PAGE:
It takes a lot of people to make a movie. There are actors and actresses, directors, producers, gaffers, best boy grips, editors, screenwriters, foley artists, and tons more. Unfortunately for those behind the scenes, usually only actors/actresses and directors gain any sort of fame. As such, even the most devoted cinephiles can have giant gaping holes when it comes to naming the individuals who do anything on a film set other than act or direct. To illustrate the point, I’ve seen thousands and thousands of films. Do you know how many soundtrack composers I can name? Not many. Here’s the full list:
John Williams is as much of a gimme as you’ll find amongst soundtrack composers. Everyone knows John Williams thanks to his contributions to beloved classics like E.T., The Raiders of the Lost Ark films, the Star Wars films, Schindler’s List and many more. And they’re all really good scores. They’re integral pieces to the films. Even now, several decades after they were in theaters, you could begin humming the themes from several of the movies that Williams’ has scored and people around you would instantly recognize the film. Here’s my favorite. It’s my favorite because it shows diversity, given how much of a break it is from his usual, thundering brass-filled action movie scores:
Horner composed several soundtracks for James Cameron films… apparently. I assure you that his work on Titanic and Avatar are not the reason he’s on this list. In fact, I really only know Horner because of one film–Field of Dreams. He’s scored a LOT of movies, but the only score that I know him from is Field of Dreams. His other most notable score, other than the two Cameron movies and Field of Dreams, is Braveheart. Guess which one is my favorite? Sadly, embedding is disabled on the bulk of the film’s soundtrack, but here’s a suite featuring several of the songs:
Brion is easily the most obscure name on this list. I first noticed him after enjoying his work in I Heart Huckabees. Then he started showing up all the time in movies I watched. His style is unmistakable and unique. Once you hear it, you’ll probably never mistake it for any other composer’s music. The list of Brion scores includes Punch Drunk Love, Magnolia, Eternal Sunshine of the Spotless Mind, and The Other Guys, amongst others.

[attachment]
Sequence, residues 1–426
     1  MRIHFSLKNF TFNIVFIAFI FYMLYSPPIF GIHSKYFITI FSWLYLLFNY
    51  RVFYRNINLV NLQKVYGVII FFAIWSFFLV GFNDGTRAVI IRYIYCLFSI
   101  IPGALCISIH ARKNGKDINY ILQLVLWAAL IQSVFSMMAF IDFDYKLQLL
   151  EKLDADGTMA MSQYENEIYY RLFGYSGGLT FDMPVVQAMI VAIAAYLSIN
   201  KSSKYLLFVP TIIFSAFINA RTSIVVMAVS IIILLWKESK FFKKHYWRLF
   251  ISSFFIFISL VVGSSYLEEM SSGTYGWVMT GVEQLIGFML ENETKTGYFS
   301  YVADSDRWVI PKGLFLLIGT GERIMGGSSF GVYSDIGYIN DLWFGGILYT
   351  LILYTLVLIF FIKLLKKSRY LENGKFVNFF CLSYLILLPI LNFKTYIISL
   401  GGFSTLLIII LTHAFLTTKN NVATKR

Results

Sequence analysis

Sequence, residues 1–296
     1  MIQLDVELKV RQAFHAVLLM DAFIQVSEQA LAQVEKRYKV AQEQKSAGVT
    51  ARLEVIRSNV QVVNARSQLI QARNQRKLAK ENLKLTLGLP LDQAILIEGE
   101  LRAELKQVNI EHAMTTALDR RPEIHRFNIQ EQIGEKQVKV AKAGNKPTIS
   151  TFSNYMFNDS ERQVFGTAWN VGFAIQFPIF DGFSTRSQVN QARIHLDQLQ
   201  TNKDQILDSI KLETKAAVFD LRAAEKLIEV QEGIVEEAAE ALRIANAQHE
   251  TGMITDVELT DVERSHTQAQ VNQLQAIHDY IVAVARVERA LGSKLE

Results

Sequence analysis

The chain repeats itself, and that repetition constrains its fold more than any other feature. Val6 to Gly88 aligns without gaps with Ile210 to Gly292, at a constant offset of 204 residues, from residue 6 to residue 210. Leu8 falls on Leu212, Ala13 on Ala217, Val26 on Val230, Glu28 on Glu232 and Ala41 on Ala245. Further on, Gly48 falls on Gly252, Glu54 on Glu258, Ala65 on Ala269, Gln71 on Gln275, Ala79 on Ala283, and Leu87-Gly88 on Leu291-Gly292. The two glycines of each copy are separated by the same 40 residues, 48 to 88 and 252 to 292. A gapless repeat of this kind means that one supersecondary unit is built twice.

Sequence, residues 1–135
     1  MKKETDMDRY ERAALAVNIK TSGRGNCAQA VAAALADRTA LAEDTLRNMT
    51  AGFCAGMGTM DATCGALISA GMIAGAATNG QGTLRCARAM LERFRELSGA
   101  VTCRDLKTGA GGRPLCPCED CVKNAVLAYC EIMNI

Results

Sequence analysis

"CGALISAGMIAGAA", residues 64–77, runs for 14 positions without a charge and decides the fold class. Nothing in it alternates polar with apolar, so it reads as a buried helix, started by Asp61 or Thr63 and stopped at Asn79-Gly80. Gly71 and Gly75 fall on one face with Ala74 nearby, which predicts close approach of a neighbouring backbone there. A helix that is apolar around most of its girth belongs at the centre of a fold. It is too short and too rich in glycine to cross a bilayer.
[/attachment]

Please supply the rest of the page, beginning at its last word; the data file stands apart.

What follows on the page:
Morricone is almost as much of a given as John Williams, considering his soundtracks go hand-in-hand with seemingly the entire spaghetti Western genre. Most people know that he scored the Man With No Name trilogy, but most people don’t realize that he also composed the soundtracks for The Untouchables, Days of Heaven, Once Upon a Time in the West, and even films as average as Wolf (1994). Still, he’s known because of his spaghetti Western soundtracks. Just thinking about them gives me goosebumps, and any film possessing a soundtrack scored by Morricone is instantly better for that simple fact. My favorite, tied for first of course with the opening theme from the same film. It took an outstanding finale to the film and turned it into something ethereal:
I know of Mothersbaugh exclusively because he created Devo, and (more importantly) he’s composed the soundtracks for most of Wes Anderson’s films. The lone exceptions are The Fantastic Mr. Fox and The Darjeeling Limited. As it turns out, Mothersbaugh has composed soundtracks for a lot more movies. The list includes a lot of stuff like The Rugrats Movie, Happy Gilmore, and Sorority Boys. Like Brion, his style is unmistakable, and the quirk in his creations fits Anderson’s movies like a glove. Prime example:
With a name like “Elfman”, he’s an easy soundtrack composer to remember. It doesn’t hurt his memorability that his soundtracks are often full of forced wackiness, a trait perfectly suitable for a guy with “Elf” in his last name. Elfman’s credits include most of Tim Burton’s movies, along with Scrooged, Hellboy II: The Golden Army, Good Will Hunting and Men in Black.
I’ve learned of Zimmer in recent years because I see his name every time South Park spoofs the Christopher Nolan Batman trilogy. Also, when I saw Inception, I instantly recognized that whoever had done the score for the Batman films had also composed the score for Inception. I can’t say that I’m all that much of a fan because it’s all so repetitive. But I’m also not familiar with his other work, which includes the Pirates of the Caribbean movies, Pearl Harbor, Hannibal, The Thin Red Line, and Driving Miss Daisy. The score I associate most with Zimmer: